I always think long and hard when people ask me for parenting advice. I tell them it was all I could do to parent our own children; I’m not about to advise them on how to parent theirs.
The real danger is once you start dispensing advice, it automatically casts you as an expert and nothing invites disaster like billing yourself as an expert.
That said, when I do have a momentary lapse of discretion and dispense parenting advice, it is often the advice my mother gave me.
She once told me the best thing I could do was get my nose out of a book.
I closed the book I was reading on how to get your baby to sleep, setting it down on top of a book on getting your baby to eat solid foods, which was on top of a book on the importance of playtime with your baby, which was on top of a book about talking to your baby, which was on top of a book on cultivating your baby’s interests in physics, engineering and computer science.
I didn’t know why my mother would object to me reading books. All of the books were by credentialed experts — one or two of whom even had children of their own.
It was years before I fully understood what my mother meant.
She meant it was time to stop reading and start doing. It was time to go with my gut and my heart and become the expert on knowing my own children.
She was right, of course. Mothers always are. At least that’s what I tell our kids.
My heart told me that babies and children need the same things grown-ups need — to be known, loved, encouraged, given opportunities to learn and grow, fail and try again.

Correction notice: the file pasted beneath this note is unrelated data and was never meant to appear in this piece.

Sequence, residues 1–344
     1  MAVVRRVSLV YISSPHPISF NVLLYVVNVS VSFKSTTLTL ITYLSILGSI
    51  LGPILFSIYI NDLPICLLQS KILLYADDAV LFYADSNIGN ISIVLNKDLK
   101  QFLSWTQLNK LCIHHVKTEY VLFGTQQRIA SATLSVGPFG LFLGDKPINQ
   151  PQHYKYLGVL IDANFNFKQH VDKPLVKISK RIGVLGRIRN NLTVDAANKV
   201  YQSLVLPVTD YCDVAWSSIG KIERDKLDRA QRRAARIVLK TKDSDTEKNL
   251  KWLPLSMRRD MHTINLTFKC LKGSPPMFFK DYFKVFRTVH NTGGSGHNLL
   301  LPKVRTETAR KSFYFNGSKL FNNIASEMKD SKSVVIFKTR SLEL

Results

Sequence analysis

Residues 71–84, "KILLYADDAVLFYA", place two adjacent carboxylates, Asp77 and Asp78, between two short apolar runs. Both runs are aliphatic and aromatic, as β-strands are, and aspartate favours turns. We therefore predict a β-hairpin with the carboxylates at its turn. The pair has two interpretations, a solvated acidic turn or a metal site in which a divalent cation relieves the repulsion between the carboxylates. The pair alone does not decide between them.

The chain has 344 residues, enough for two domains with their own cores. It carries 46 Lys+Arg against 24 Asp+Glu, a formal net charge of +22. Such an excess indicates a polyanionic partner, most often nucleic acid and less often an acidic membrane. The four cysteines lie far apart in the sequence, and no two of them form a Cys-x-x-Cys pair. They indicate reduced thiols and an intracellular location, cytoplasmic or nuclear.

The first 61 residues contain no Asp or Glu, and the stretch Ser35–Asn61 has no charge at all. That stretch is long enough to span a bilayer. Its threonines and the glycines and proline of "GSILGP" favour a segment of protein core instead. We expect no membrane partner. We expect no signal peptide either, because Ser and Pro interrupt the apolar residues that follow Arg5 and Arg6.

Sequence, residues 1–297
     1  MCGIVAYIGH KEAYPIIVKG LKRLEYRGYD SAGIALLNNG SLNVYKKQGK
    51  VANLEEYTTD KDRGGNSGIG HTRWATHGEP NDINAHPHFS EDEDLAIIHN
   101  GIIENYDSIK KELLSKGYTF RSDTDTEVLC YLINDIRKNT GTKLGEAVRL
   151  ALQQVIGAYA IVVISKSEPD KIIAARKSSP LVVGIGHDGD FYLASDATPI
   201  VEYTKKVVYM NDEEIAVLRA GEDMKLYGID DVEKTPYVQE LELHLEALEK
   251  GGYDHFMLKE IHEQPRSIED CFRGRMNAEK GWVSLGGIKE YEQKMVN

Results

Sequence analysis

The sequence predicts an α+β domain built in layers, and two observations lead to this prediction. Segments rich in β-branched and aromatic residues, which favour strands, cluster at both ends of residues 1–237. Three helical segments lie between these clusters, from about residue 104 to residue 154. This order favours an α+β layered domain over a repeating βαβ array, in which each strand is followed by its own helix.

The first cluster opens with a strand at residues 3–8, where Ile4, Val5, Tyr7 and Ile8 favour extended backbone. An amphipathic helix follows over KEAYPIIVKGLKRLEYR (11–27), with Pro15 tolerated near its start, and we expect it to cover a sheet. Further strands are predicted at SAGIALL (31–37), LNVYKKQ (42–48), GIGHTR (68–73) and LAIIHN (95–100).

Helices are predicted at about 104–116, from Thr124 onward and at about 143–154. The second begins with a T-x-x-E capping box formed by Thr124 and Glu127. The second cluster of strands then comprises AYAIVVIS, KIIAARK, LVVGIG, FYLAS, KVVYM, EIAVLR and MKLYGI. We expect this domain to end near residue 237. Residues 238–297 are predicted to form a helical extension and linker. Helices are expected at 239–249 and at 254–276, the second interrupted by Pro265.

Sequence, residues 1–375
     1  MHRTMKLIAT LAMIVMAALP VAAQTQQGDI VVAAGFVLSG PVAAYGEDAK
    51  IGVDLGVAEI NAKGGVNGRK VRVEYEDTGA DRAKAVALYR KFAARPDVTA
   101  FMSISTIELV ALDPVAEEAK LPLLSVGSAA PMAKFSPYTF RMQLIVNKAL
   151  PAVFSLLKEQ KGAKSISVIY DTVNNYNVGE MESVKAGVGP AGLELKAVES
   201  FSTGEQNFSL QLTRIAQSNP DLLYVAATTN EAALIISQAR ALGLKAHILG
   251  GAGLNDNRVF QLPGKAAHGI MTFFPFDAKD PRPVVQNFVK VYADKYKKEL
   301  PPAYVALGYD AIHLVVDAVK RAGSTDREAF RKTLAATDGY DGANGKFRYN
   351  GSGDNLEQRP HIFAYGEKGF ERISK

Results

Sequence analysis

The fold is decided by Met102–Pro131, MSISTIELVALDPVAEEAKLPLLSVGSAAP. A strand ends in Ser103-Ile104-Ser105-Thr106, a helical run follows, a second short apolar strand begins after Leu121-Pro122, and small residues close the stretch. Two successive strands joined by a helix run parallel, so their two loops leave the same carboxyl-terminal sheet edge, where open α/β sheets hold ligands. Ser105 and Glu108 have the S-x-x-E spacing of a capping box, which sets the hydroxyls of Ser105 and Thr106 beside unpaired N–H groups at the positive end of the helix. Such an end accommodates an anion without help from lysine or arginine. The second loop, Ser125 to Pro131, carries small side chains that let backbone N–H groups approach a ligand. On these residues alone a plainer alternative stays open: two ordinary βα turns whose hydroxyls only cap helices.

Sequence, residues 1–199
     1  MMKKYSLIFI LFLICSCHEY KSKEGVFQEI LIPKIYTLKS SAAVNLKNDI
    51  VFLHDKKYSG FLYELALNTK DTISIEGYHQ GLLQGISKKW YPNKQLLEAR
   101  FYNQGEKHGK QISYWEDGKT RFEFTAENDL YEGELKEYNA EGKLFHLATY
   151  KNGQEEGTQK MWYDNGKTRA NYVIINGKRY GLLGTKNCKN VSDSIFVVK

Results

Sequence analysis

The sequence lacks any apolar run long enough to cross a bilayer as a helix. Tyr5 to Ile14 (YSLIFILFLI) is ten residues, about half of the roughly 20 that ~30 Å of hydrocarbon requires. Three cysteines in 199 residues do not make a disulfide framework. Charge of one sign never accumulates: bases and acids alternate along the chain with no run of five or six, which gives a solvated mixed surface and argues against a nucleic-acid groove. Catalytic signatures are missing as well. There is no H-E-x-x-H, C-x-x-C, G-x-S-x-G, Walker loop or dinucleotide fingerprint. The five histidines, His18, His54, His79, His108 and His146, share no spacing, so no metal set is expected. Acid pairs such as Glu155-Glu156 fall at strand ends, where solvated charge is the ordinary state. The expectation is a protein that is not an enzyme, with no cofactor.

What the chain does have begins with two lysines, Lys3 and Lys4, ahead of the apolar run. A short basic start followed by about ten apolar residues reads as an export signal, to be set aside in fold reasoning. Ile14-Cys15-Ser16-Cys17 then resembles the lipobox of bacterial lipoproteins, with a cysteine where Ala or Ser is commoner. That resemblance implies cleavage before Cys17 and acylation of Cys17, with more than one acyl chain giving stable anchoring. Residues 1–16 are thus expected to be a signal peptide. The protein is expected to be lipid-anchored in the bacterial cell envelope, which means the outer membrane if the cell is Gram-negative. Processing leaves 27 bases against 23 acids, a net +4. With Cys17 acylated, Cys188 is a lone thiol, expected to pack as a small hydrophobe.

My instincts told me that children need boundaries, correction, forgiveness and second chances. A lot of what my heart and instincts told me was similar to what the experts were telling me, but without the cost of a hardcover book.
I knew my heart was a good guide amid squeals of laughter, sounds of play and overwhelming love for another human being.
I also knew that parenting would be one of the hardest jobs I’d ever had. Sleepless nights and spit up on my shoulder made me a fast learner.
This job would require a selflessness with which I was unaccustomed. It would require a strange tension of holding them close and simultaneously letting them go. I also knew it would be seasonal work and that this season would never pass my way again.
My mother’s heart told me that my children would learn many marvelous things from books, but the most important things — like how to live life, how to treat others and how to find their way and make sense of this world — they would most likely learn from watching their father and me. Warts and all.
Books and experts can be wonderful resources, but nobody will ever know your child like you do. Nobody will ever love your child like you do.
You get one chance at this parenting gig. Give it your all.
Lori Borgman is a columnist, author and speaker. Reach her at firstname.lastname@example.org.